Photo by Michaela Beal

International Women’s Day featured guests, from left to right, Janan Najeeb, Milwaukee Women’s Coalition, Monica Shah-Davidson, Milwaukee Women’s Fund, April Dunn, Milwaukee Women, Inc., Lauren Feaster, Professional Dimensions, Jennifer Dirks, Tempo, Tammy Belton-Davis, Athena Communications LLC, Francesca Mayca Wegner, Hispanic Professionals of Greater Milwaukee (HPGM), Katie Dillow, Marcus Performing Arts Center, Peggy Creer, League of Women Voters

On Wednesday, March 8, the Marcus Performing Arts Center hosted an event with community leaders from Milwaukee’s notable women’s organizations to celebrate International Women’s Day.

Milwaukee Mayor Cavalier Johnson marked the occasion by reading a proclamation honoring the holiday, adding in his remarks that the “fight for women’s rights shouldn’t be confined to one single day.” 

The focal point of the luncheon was a panel discussion, moderated by Professional Dimensions’ CEO Lauren Feaster, with leaders from diverse Milwaukee women’s organizations. The panel included Tammy Belton-Davis (Athena Communications LLC), Francesca Mayca Wegner (HPGM), Peggy Creer (League of Women Voters), April Dunn (Milwaukee Women, Inc.), Jennifer Dirks (Tempo), Monica Shah-Davidson (Milwaukee Women’s Fund) and Janan Najeeb (Milwaukee Muslim Women’s Coalition).

Photo by Terrance Sims/Sims Strong Studios

International Women’s Day has its roots in early 20th century American progressive political groups and was adopted by several European nations before World War I at the recommendation of the 1910 International Conference of Working Women. 

Najeeb commented that although International Women’s Day is sponsored by the United Nations, it remains relatively unfamiliar in the United States. She became aware of the holiday decades ago when her husband managed a clinic with a multicultural clientele. She recalled that the husbands of patients from various countries brought flowers and chocolates to the clinic to celebrate the day.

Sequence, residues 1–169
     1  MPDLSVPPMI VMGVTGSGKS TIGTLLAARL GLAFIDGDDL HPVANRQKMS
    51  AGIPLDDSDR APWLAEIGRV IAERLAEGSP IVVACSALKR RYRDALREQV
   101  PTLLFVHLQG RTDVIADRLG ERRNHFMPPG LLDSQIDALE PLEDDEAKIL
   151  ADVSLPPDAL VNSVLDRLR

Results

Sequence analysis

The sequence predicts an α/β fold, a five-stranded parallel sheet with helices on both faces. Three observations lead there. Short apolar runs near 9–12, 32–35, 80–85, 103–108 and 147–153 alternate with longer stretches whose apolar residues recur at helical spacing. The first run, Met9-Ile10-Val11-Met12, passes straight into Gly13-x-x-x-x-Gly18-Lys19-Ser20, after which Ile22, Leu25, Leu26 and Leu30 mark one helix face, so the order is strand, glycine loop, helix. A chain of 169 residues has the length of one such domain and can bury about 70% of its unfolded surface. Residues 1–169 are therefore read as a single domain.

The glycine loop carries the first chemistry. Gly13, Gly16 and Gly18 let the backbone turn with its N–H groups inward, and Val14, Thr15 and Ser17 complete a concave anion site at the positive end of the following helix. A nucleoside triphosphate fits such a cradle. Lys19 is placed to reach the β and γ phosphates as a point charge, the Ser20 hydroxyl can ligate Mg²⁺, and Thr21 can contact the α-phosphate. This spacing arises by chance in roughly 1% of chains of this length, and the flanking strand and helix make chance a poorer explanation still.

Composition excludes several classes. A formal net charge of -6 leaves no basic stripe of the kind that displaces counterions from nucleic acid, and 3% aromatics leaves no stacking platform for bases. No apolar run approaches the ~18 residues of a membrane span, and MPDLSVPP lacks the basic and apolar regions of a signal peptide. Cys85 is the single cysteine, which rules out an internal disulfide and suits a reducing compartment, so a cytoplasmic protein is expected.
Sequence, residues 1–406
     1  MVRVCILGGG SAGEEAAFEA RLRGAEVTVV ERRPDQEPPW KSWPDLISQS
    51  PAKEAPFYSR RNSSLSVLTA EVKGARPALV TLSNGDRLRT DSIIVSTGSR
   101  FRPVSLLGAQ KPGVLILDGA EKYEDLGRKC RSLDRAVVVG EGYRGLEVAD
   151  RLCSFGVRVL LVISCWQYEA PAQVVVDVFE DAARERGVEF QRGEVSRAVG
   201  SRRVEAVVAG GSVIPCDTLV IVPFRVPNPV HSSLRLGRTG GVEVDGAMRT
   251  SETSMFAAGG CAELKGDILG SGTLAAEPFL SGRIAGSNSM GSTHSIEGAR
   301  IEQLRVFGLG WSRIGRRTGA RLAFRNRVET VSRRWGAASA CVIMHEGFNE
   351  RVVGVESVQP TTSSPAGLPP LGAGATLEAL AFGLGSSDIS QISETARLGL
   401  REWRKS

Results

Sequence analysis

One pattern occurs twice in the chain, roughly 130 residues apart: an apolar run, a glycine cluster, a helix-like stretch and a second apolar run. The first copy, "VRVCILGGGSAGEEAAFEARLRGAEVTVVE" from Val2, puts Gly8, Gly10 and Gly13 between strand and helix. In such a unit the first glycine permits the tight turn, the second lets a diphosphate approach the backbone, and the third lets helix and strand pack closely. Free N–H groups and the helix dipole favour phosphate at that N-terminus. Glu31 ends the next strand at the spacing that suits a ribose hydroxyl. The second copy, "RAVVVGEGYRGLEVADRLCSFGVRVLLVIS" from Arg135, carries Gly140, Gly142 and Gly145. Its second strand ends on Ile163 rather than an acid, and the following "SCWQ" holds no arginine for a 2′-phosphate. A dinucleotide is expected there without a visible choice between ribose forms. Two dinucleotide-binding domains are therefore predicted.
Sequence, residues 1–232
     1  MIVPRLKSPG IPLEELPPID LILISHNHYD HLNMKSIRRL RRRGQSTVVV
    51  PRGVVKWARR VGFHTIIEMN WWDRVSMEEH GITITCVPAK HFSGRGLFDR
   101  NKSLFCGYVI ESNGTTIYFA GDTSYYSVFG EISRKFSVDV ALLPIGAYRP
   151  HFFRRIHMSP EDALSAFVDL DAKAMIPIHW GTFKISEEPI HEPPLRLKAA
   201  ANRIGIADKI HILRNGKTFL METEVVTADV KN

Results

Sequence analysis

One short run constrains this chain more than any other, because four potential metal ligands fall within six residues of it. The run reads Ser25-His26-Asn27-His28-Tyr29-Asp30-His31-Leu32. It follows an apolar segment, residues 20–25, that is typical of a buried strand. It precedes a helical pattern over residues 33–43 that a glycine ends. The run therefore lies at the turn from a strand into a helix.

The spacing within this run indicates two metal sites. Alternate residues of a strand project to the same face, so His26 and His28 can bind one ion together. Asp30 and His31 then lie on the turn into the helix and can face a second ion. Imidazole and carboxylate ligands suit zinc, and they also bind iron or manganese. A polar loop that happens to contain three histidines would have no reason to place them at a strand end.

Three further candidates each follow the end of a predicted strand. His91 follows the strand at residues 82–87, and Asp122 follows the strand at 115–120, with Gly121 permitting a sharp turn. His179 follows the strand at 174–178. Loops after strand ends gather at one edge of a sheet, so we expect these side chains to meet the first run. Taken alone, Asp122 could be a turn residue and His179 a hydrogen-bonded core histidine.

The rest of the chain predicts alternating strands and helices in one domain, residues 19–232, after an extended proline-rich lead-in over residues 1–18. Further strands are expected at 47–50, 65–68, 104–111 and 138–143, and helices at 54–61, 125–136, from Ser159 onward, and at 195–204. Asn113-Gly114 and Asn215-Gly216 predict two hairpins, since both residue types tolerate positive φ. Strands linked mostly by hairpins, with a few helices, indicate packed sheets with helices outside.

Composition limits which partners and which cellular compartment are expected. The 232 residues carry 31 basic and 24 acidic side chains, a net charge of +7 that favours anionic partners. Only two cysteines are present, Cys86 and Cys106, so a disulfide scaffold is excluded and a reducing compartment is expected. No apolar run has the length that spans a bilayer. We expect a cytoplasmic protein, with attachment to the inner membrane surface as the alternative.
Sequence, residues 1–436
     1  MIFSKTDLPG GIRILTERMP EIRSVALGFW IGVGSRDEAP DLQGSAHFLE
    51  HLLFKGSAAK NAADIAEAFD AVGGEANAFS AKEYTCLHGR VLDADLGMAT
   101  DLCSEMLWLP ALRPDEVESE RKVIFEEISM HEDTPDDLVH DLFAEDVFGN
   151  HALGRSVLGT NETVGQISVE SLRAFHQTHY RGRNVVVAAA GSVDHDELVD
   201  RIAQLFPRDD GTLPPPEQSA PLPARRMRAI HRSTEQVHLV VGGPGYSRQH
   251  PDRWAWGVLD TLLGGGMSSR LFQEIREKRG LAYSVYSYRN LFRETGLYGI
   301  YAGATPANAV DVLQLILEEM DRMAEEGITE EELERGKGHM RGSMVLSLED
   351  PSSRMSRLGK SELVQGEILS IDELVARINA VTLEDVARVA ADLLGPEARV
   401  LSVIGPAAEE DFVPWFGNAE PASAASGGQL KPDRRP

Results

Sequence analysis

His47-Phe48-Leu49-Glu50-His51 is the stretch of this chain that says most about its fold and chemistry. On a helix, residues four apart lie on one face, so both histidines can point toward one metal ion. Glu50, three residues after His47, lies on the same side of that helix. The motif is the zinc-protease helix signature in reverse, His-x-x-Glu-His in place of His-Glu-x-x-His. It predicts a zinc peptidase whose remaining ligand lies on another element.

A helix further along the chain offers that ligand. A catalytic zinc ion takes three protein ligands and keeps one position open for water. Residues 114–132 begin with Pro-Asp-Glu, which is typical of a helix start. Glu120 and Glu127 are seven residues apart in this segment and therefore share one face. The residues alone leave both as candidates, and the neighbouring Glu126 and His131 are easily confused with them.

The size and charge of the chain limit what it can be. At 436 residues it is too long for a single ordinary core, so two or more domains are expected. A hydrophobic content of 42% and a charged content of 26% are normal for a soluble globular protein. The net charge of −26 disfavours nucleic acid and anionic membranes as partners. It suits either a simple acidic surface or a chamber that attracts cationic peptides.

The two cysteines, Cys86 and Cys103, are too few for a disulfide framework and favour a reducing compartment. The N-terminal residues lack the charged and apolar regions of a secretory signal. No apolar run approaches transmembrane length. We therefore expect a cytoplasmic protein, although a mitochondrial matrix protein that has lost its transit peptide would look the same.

International Women’s Day “is an opportunity to highlight issues women may be having, to raise awareness and understanding,” Najeeb said. The status of women in other countries “affects all of us.”

Photos by Terrance Sims/Sims Strong Studios

The panel’s discussion focused on the results of a recent study examining the experiences of women working in the Milwaukee area conducted by Marquette University’s Institute for Women’s Leadership (IWL). 

The study showed that 41 percent of respondents are considering leaving their current employer within one year, 60 percent plan to leave within the next two years, 60 percent have felt pressure to present themselves differently than who they really are, 63 percent feel that coworkers have taken credit for their ideas and 68 percent say they have been the victim of microaggression. 

“We’re still in a fight,” said Belton-Davis, responding to the survey’s results. The task, she insisted, is to keep those issues in the forefront. 

Dunn referred to a set of statistics not included in the IWL survey. Twenty years ago, she said, women occupied nine percent of leadership positions in major Milwaukee companies and organizations. That number has risen to 26 percent, on par with national averages. “There is still more to do,” she said to the women in the audience. “Advocate for yourself. Be comfortable to know your own value, to ask what you deserve.”

Photos by Michaela Beal

“If you look at the landscape of 30-40 years ago in the workplace, that landscape was very different than today,” Dirks said. “We’ve made incredible strides. We’re seeing women having a voice, but we still have a long way to go,” especially with issues of pay equity, a gap that remains especially wide for women of color.